We planted peas and onions in Marjorie’s Garden last weekend while two crows watched from a nearby birch. I could feel the sun’s warmth on my back and the soil’s warmth in my fingers as I dug two inch-deep furrows down the length of a garden bed. Into each furrow I scattered pea seeds, plump with water just imbibed, then covered them with the warm soil, gently patting it down with the flat of my hand. All the while, the two crows were watching.
I pushed twiggy birch branches into the soil between the rows, forming a 4-foot scaffold for future pea tendrils and an immediate barrier to scheming pea scavengers. The crows flew off as I soaked the bed with a gentle shower.
Finally, I spread over the bed a thin blanket of shredded leaves, one handful at a time pulled from a bag stored in the basement since last fall. Dry leaf dust drifted downwind as I settled the mulch of leaves into place with a final watering.
We used shredded leaves to mulch the onion transplants, just enough to cover the soil, hold in the moisture, keep the root run cool, perhaps make it a little harder for weed seeds to get started. Later, after the plants are established and growing, we can lay down a deeper mulch.
As organic mulches work to suppress weeds and retain moisture in the soil, they also are slowly decomposed by soil organisms, releasing stored nutrients into the root zone. The autumn leaves of deciduous trees such as maple, beech, ash and oak contain about 0.5 percent nitrogen, 0.1 percent phosphorus, and 0.5 percent potassium, along with equally substantial amounts of calcium and magnesium, all essential nutrients for plant growth. Because decomposition of leaves is a slow process, these nutrients are released gradually — nature’s version of a slow-release fertilizer.
Decomposing leaves also improve both the structure and water-holding capacity of garden soil. While rich topsoil can hold 60 percent of its weight in water (compared to 20 percent for subsoil), leaf mold can retain 300 percent of its weight, or more.
We also do a lot of mulching with composted goat manure — “nannyberries,” applying it liberally around the high-bush blueberries, raspberries and grape vines as these small fruit crops begin growth in early spring. Nannyberries have replaced straw as the mulch of choice for these crops; we learned from a small fruits expert that mulching with straw can increase chances of root rot disease in raspberries. We threw the rest of our straw supply onto the compost pile.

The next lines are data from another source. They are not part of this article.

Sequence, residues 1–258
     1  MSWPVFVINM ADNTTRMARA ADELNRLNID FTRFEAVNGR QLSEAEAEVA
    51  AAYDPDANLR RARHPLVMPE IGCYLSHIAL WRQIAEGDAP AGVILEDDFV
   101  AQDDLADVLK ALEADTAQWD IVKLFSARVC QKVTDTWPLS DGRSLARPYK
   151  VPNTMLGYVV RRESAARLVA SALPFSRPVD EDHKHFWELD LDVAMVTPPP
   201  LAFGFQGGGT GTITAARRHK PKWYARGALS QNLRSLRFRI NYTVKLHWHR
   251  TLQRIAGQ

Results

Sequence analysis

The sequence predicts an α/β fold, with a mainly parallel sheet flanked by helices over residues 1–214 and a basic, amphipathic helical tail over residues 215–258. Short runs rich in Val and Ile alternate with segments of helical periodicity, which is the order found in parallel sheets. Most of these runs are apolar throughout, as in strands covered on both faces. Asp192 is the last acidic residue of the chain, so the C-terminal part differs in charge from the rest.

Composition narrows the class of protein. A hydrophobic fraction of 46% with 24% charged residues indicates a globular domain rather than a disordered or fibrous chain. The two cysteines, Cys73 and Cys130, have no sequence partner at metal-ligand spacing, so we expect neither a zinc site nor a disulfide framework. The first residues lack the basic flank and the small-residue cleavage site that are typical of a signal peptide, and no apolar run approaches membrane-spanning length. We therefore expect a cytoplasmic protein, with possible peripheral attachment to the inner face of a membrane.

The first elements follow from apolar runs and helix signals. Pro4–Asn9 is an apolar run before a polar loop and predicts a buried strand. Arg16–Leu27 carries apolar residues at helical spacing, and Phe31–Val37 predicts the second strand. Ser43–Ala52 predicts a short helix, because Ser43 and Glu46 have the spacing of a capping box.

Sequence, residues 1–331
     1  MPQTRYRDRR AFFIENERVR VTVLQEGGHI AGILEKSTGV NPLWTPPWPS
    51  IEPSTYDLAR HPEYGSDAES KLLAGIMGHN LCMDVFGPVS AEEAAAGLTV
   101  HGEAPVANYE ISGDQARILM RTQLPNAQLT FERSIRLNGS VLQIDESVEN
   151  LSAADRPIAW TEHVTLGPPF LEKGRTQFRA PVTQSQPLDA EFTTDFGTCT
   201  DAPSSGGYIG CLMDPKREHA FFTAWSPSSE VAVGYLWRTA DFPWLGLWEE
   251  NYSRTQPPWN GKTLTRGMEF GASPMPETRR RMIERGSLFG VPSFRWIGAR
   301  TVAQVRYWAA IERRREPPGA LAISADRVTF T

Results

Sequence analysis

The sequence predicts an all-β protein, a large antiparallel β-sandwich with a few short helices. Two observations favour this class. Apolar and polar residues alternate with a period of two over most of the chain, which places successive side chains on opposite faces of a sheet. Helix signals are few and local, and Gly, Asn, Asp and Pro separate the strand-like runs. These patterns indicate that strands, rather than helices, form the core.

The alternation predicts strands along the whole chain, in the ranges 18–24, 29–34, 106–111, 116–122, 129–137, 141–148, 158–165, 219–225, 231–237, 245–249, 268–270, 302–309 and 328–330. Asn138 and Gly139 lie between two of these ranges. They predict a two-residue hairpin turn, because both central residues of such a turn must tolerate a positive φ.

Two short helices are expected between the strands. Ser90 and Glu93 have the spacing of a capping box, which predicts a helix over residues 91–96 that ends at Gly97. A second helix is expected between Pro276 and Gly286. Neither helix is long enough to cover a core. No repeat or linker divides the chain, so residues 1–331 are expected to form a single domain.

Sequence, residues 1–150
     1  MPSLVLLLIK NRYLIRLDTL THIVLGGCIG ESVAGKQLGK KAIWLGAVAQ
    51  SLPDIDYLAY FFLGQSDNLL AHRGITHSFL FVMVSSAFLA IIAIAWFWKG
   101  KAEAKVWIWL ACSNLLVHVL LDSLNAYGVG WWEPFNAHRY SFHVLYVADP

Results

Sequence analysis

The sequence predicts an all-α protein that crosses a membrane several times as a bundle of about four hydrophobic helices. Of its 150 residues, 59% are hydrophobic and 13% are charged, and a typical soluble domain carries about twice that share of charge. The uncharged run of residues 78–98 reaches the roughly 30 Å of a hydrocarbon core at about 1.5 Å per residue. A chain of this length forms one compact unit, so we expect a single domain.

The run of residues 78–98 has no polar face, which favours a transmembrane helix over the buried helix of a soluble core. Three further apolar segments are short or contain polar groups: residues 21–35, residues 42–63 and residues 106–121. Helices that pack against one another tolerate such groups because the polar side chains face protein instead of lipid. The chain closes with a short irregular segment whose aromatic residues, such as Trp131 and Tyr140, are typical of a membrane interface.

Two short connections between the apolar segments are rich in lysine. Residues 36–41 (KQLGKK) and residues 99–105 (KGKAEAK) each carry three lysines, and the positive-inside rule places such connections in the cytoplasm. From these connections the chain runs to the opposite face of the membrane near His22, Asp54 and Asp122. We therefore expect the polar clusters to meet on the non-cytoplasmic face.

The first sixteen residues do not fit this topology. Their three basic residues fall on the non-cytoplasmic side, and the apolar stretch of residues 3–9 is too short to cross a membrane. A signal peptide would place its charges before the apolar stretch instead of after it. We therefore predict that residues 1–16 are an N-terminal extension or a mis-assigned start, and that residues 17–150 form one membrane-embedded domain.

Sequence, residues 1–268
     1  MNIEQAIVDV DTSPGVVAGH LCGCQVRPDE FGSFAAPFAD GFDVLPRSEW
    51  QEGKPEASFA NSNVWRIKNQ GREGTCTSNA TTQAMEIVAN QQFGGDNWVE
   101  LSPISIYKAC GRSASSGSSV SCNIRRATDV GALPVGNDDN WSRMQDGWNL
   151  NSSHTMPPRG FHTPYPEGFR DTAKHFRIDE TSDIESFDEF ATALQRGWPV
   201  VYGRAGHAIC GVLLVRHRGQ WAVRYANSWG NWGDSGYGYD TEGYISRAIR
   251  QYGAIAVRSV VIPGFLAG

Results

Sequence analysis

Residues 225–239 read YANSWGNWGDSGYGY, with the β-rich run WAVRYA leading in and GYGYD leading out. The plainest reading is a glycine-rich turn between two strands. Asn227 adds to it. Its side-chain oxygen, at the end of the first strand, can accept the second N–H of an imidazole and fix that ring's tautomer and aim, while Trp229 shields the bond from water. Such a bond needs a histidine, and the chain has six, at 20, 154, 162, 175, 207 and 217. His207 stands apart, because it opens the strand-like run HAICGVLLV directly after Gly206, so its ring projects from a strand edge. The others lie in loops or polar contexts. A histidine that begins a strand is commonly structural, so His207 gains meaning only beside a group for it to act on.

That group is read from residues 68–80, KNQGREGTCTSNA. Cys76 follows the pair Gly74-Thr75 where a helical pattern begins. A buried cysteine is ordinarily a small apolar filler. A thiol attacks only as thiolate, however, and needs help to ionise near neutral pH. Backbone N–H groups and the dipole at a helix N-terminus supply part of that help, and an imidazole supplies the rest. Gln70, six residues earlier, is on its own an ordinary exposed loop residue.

Nannyberries are too coarse for use where vegetable seeds will be sown and often contain too much nitrogen to place in direct contact with tender transplants. We gently turn composted goat manure into the soil of most vegetable beds before planting, relying on shredded leaves as mulch for these beds.
A layer of composted goat manure does cover what will be this year’s potato bed. We will rake the compost aside to make furrows for the seed potatoes, then spread it back over the bed once the cut tubers are covered with soil. In two or three weeks, when the first potato leaves appear, the compost mulch will be well seasoned.
Finished garden compost is another excellent mulch. A mixture of vegetable scraps from the kitchen, spent plants from the garden, old potting soil, shredded leaves, seaweed (when we can get it), and nannyberries, our compost pile grows through the summer and, by October, yields a modest amount of rich, crumbly mulch. We screen it first, eliminating woody stems and other course materials that need more time to break down, then spread it where it is needed most, often on the strawberry beds.
And we mulch with worm castings. Over the course of a year, the worm bin occupants transform pounds of banana peels, coffee grounds and other kitchen vegetable waste into buckets of nutrient-rich castings. Blueberries and raspberries are the usual beneficiaries.
Organic mulches are the only fertilizer for our trees, shrubs and perennials. In the vegetable garden, organic mulches, along with compost turned into the soil, supply sufficient quantities of nitrogen and other essential nutrients for sustained vegetable and fruit production, year after year.
We do our part as well, minimizing disturbance of the soil organisms that slowly make nutrients available to plants; no synthetic fertilizers, no pesticides, no tillage other than the gentle forking of compost and cover crops into the soil.
Organic mulches nourish life in the soil, the source of a gardener’s success.
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